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Question 1

Are you currently in a job that you feel overqualified for?

Photo prompt #1: A picture with your major.

When I accepted my current job at a big box retailer in February 2011, I didn’t think I would have to be there for more than a few months. I thought, “Okay, this will pay the bills until I can find a non-profit or small, local design company to work for. “

I graduated in 2008 with an Illustration degree from Rhode Island School of Design. Although I wasn’t naïve about the number of jobs out there for traditional illustrators on the market, I really wasn’t prepared for what the next few years had in store. After being laid off from three different art-related jobs, I floated from waiting tables to stuffing envelopes to booking events — waiting for the next illustration job to pop up. It seldom did, and when something surfaced there was a massive amount of competition. I was lost in the shuffle.

Years passed and eventually I was offered my current job as a visual merchandiser, laying out the store’s floor plan and creating displays. Unfortunately for the many other qualified people who applied for the job, I knew someone working for the company. I honestly believe this is the No. 1 reason why anyone gets a job in this economy. I had no experience in this particular role, but enough design sense to be qualified for the job.

While I certainly don’t feel overqualified for the position — nor do I feel that it’s a “bad job” — I do feel that it’s a far cry from what I set out to do. Perhaps more importantly, I’m not interested in advancing with the company. My ideals don’t align with those of mega-corporations, and I would like to work for a group that makes a positive difference in people’s lives.

While I didn’t know exactly what I wanted to do when I graduated, I had an enormous amount of ambition and expected to be more advanced in my career than I am today. I don’t blame the economy entirely for this. I know I shoulder some of the blame for not picking a specific, or more direct, path for myself. However, I know so many people who had made a career in the arts for themselves before 2008 that I thought it would be easier than it has been.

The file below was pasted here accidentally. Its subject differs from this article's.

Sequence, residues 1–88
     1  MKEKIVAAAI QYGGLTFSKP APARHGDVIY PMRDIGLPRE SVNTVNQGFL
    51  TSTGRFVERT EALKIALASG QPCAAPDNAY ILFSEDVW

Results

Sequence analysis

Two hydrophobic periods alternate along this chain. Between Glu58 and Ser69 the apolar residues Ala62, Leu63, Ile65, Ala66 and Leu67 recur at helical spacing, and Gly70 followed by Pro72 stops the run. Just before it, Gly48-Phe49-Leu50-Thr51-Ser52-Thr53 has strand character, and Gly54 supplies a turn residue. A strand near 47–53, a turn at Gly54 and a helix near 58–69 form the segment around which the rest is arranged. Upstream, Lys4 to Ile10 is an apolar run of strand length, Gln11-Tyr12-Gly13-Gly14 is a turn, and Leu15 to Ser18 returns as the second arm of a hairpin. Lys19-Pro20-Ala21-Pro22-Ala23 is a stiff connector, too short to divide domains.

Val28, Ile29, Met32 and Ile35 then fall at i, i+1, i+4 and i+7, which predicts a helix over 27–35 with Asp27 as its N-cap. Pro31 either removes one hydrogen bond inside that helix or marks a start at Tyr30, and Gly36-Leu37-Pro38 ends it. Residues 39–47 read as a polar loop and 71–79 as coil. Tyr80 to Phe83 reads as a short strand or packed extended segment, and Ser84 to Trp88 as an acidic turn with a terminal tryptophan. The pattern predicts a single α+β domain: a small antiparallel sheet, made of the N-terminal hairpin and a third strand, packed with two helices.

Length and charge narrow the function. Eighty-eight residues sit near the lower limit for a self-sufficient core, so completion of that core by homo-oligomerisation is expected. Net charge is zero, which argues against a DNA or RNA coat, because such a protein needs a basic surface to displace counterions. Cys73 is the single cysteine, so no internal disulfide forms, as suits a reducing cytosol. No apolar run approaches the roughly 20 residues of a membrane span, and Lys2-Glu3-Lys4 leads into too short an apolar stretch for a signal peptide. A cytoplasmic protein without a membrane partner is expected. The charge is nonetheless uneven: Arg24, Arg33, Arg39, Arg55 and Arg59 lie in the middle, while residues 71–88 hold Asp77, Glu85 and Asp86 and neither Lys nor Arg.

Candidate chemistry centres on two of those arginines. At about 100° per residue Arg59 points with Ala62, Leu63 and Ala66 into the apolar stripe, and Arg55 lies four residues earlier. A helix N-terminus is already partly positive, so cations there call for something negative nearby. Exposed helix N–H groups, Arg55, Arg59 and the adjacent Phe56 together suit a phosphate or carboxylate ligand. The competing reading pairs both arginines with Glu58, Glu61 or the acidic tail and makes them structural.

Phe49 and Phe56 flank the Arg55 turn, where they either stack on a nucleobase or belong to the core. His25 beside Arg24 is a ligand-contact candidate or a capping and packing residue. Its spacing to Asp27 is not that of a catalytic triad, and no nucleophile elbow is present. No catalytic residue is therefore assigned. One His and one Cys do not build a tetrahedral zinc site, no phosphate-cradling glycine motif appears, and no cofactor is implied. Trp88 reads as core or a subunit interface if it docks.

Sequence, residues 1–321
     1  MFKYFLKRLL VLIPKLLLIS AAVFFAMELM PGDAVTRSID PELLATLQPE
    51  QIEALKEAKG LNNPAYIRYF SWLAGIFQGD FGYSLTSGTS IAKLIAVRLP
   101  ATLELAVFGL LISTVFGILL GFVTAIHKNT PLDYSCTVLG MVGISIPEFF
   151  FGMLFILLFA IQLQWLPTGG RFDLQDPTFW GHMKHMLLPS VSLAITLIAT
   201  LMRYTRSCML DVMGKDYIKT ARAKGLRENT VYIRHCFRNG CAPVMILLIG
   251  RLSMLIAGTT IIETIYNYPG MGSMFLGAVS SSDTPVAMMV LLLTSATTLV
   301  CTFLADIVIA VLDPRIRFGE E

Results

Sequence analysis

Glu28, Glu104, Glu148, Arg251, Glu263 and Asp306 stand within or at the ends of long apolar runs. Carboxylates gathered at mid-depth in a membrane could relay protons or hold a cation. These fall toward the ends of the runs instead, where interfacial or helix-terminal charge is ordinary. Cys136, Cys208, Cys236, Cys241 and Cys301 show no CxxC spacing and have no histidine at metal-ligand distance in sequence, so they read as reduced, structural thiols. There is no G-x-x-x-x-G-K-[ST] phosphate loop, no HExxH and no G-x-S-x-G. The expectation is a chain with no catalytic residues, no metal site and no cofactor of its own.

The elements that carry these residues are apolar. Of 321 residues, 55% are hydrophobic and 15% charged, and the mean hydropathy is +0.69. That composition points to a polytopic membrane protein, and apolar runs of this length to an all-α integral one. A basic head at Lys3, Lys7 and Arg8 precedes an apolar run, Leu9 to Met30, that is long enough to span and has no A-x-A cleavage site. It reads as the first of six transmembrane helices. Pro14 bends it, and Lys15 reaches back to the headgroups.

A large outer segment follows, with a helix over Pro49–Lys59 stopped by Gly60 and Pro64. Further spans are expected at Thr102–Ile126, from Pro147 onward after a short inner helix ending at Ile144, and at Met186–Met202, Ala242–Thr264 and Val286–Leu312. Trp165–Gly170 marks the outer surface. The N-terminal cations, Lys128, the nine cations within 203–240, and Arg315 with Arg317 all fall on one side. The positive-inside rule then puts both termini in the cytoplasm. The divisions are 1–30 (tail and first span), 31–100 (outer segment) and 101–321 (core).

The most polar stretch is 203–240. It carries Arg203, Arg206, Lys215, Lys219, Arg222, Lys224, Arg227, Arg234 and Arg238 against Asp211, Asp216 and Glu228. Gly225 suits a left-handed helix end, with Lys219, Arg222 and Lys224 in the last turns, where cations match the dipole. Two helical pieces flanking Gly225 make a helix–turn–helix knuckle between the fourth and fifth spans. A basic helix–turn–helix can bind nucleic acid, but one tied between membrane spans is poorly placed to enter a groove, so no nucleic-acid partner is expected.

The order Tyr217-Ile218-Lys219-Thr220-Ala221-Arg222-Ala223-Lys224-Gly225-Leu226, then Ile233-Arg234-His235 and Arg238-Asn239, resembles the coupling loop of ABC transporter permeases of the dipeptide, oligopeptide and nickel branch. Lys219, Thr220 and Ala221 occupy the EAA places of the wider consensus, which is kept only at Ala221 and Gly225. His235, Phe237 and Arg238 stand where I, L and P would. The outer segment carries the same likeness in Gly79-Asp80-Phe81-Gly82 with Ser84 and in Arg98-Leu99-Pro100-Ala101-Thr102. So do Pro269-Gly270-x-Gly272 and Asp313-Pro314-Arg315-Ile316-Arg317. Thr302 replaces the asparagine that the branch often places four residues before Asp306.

I am no longer optimistic about my prospects as a freelance illustrator, despite some small successes along the way. The thought of having no safety net if the work trickles to a halt is just too much pressure for me at this point in my life. It could be that I was never cut out for that kind of work or it could be that my experiences during and after college made me crave stability. I wonder about that a lot. I have decided to go to graduate school for art conservation and restoration, and I’m much more optimistic about that.

The future is incredibly uncertain, but I still believe that if you’re smart, hard-working, confident, and a little bit lucky, you will eventually find success in your career and life — for now.


  1. CircusMcGurkus at 10:25 pm, September 28, 2012

    Art preservation and restoration is a wonderful choice to combine your skills and passion for art with something meaningful for the world. You sound like a thoughtful and insightful person, more together than a lot of folks twice your age. Good luck!

  2. anonymous at 2:06 pm, October 24, 2012

    Hi Sophy, the work that you posted with your answers are lovely. Have you tried selling art on the side — portraits, customized children’s books that sort of thing? I am just wondering if you tried building up your resume/income for the arts with little things? If so, how did it go?